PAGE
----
Yatai are very friendly stands that offer local culinary specialties. Rooted in the Japanese culture, they exist since the Edo era. To be discovered! Presentation:
The yatai, Japanese street stalls
The yatai 屋台 is a small walking stall usually for fast food or snacks in the open air in Japan. Whether it’s windy or rainy, yatai will always be there. They are closed only if the weather is too bad. They are mobile and dismountable stalls very small. Generally they offer about ten seats, where you sit at the counter to eat “street food” and Japanese alcohol. A unique experience because you will find authentic local specialties and above all you will be immersed immediately in the Japanese atmosphere. Usually open from 6pm to 2am you will find salarymen, locals and Japanese tourists.
The small stalls selling masks for example in front of the shrines, the small stalls selling games for children during the holidays are also called yatai. They are usually short-lived. Other yatai are open all day and do not offer any seating. They are usually takoyaki stalls, or other pastries.
Description and appearance of a yatai
You should not expect padded seats but rather small wooden benches or high stools. The comfort is very basic, but that doesn’t matter because all the comfort is in your plate. When it rains or snows, you will have the right to plastic tarps to protect you. Yatai is a way to taste Japanese street food, fast, cheap, greedy, it allows you to warm up after a hard day of work, a festival, a party like the hanami for example or to eat a dish on the go if you have a hunger. Generally made of wood, you will recognize them thanks to their noren (small slit curtains) and their red lanterns. They exist everywhere in Japan, mostly in cities.
In Fukuoka (in the south of Japan) yatai swarm next to each other, we advise you to go there if you want to discover them. To get there we recommend the website of Japan Guide.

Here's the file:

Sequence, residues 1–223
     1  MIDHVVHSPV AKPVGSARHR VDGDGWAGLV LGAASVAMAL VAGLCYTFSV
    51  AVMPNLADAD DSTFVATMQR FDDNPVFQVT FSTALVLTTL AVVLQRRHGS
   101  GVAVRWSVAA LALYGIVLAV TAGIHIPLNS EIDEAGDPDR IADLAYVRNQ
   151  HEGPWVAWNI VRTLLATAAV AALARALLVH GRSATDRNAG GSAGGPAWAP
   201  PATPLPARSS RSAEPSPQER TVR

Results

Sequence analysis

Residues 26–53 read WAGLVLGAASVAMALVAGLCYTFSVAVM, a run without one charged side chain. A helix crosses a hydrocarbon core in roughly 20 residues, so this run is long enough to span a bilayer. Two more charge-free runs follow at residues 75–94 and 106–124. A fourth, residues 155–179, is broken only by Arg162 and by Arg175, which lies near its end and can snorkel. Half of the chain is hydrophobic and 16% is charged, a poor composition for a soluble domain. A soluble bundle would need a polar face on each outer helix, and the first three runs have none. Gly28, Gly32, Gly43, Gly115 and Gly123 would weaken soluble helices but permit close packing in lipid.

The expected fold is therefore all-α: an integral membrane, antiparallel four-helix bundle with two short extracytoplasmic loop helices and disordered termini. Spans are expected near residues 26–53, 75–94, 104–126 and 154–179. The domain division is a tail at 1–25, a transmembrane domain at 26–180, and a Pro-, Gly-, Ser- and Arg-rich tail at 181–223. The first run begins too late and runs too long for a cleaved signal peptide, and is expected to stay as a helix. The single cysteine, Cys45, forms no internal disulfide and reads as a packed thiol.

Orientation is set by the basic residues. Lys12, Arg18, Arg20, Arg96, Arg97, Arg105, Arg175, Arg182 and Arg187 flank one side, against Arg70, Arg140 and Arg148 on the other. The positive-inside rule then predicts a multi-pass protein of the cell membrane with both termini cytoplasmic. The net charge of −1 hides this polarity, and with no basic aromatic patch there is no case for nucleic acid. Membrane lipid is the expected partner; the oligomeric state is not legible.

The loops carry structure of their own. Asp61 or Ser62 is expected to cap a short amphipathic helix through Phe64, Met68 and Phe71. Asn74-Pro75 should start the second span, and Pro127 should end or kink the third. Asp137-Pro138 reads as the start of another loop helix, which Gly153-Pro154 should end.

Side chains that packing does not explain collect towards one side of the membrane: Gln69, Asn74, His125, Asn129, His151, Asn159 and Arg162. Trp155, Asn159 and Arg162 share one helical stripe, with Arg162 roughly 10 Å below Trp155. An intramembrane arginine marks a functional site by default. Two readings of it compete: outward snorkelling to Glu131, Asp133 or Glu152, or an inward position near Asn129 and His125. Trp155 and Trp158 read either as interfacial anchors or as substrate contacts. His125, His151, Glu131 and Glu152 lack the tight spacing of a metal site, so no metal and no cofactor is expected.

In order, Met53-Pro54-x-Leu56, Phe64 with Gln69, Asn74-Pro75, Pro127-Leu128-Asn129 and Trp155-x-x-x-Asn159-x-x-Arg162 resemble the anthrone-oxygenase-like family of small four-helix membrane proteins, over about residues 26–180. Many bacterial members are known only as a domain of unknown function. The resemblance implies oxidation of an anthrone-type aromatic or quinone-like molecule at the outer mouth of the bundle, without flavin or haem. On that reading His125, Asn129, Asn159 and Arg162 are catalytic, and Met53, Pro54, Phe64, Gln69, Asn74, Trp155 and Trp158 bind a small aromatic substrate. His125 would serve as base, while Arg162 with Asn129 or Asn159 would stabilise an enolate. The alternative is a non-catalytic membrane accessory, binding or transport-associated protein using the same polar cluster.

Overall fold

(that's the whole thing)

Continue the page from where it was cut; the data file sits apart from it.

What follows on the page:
Japanese cuisine in a yatai
In a yatai, you will find fast food as well as salty and sweet dishes:
Okonomiyaki The okonomiyaki are round, thick, salty pancakes filled with vegetables and meat or fish and covered with very tasty sauces.
Takoyaki The takoyaki taste quite similar to okonomiyaki, they are shaped like small 3cm balls filled exclusively with octopus. They are eaten with a toothpick called tsumayoji
Ramen The yatai stands of ramen are mostly located near the business districts, serving large bowls of soup noodles topped with meats and vegetables. Some even stay open until 3 or 4 am!
Yakitori Yakitori are chicken skewers cooked on a grill, but there are many kinds of skewers! With chicken skin, particularly crispy and delicious, with giblets etc.
Kushikatsu and korokke The kushikatsu is a skewer of breaded and fried meats and vegetables. The korokke is similar, but its composition differs. For example, there is meat / onion / mashed potato… And everything is breaded and fried. These two dishes are eaten by hand.
Tomorokoshi Tomorokoshi is corn on the cob grilled on a grill
Wataame Wataame is a kind of cotton candy that Japanese children like a lot!
Ishiyaki imo Ishiyaki imo are sweet fried sweet potatoes
Kakigori The kakigori is a crushed ice that you can only find in the summer in Japan to refresh yourself.
Imagawayaki The Imagawayaki is a waffle with a filling of anko similar to taiyaki, but bigger and thicker.
Momiji manju Momiji manju is a small waffle with a maple filling anko in the shape of a maple tree, which you can find in autumn in Japan.
Japanese beers are widely consumed in yatai, quite common, Asahi and Kirin brands are very well known.
Shochu is a Japanese alcohol distilled from rice, barley, buckwheat etc.
We have mentioned a number of dishes but you will be able to see many others in Japan, with the yatai you will be quickly immersed in the animated Japanese atmosphere.